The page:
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How the West's Energy Boom Could Threaten Drinking Water for 1 in 12 Americans

A rush to develop domestic oil, gas and uranium deposits along the Colorado River and its tributaries is a threat to our children's future

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Getting oil from the shale, if researchers can find a reliable way to do it on a large scale, would be astronomically expensive. It might also require more water than the Colorado River can provide.

A recent study for the state of Colorado estimates that if the oil shale industry takes off in northwest Colorado, the region's energy industry will need at least 15 times as much water as it uses now. In 30 years, the report predicts, the energy industry in the upper Colorado River basin would stop the river's entire flow for nearly six weeks if it used the water all at once.

"It would take every bit of water rights that we currently have plus more," said Scott Ruppe, general manager of Uintah Water Conservancy District in northeastern Utah.

Counties across the Western states are apportioned a limited quota of water rights that can be used for industry, farming, or municipal use, he explained. Using Colorado River water for oil shale means less water for urban growth, agriculture and personal use. It means trading fresh fruit and vegetables – not to mention green lawns -- for energy.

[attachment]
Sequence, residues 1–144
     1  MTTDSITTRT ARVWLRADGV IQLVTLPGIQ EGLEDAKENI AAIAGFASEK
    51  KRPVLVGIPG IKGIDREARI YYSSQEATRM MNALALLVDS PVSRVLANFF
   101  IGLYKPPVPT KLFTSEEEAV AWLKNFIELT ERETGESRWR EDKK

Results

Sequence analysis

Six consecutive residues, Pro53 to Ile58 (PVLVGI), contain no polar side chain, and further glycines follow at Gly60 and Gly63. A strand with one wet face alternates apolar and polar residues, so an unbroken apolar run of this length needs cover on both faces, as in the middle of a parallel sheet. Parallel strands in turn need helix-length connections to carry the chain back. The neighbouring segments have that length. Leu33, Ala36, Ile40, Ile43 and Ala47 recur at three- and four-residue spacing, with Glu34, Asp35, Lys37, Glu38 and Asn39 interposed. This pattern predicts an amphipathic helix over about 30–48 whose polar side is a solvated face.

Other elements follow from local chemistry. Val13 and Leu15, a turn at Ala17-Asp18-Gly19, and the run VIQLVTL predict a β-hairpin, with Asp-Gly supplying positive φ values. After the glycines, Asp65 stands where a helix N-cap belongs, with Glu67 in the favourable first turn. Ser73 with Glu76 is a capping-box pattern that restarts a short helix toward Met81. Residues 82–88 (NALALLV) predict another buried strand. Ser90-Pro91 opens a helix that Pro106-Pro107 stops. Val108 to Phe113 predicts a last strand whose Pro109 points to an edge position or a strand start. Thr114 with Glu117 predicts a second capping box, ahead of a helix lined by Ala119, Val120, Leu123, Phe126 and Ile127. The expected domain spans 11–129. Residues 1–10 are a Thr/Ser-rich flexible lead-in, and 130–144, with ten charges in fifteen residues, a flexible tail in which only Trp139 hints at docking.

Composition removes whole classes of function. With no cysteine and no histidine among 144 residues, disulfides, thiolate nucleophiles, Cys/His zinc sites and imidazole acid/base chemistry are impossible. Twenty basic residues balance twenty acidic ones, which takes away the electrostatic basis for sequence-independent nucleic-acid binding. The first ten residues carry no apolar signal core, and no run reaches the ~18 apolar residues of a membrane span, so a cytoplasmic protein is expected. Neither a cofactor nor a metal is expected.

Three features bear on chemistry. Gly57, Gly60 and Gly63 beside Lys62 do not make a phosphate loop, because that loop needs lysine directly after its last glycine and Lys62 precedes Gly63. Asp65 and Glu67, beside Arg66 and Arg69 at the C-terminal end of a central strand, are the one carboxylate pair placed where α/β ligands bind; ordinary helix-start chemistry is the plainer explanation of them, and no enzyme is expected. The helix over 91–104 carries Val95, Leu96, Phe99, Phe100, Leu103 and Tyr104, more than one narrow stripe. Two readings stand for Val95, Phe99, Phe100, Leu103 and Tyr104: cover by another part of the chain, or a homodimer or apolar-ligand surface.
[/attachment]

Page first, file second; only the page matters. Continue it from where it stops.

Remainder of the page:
"It just comes down to how needy the nation is for energy," he said. "If energy is short then some of the other concerns might get pushed aside."

These stark choices have driven Congress to begin examining the water problem in the absence of leadership from the White House. One of the bills that has been written would, if passed, direct the Interior Department to undertake the kind of comprehensive inventory of the nation's water quality and supply that critics say is missing.

It will be up to the Obama administration, though, to ultimately decide the nation's priorities. The appointment of Colorado Sen. Ken Salazar to head the Interior Department will inject a unique understanding of western water issues into Washington politics. Salazar is a long-time rancher and a former water attorney.

The new administration could temper some of Bush's decisions by limiting mining claims in sensitive areas, refusing to finalize leases sales that haven't been signed, and rigorously enforcing existing environmental regulations. It also could try to reverse some of the rules the Bush administration has issued to speed development, although that will be difficult.

Obama's greatest opportunity to address the conflict between water and energy may lie not in undoing policies from the past, but in looking to the future.

"The administration has an opportunity to start thinking about water as a national resource," said Nevada's Mulroy. "We have no rear view mirrors anymore."


Abrahm Lustgarten is a former staff writer and contributor for Fortune, and has written for Salon, Esquire, the Washington Post and the New York Times since receiving his master's in journalism from Columbia University in 2003.

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